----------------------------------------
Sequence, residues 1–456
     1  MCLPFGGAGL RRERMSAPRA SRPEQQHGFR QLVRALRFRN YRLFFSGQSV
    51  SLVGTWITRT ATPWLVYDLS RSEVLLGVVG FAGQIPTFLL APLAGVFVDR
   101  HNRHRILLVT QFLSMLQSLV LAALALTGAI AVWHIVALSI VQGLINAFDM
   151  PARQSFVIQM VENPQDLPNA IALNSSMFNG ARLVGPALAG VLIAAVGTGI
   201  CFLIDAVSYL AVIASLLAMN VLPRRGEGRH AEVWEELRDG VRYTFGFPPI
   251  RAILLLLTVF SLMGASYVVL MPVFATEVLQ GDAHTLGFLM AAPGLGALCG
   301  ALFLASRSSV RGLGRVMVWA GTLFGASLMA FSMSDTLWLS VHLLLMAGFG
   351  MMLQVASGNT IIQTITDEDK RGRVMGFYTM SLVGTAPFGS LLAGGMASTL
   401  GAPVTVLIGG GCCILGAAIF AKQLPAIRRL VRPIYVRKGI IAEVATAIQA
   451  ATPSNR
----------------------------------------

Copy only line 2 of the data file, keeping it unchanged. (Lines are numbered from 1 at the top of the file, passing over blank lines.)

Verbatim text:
     1  MCLPFGGAGL RRERMSAPRA SRPEQQHGFR QLVRALRFRN YRLFFSGQSV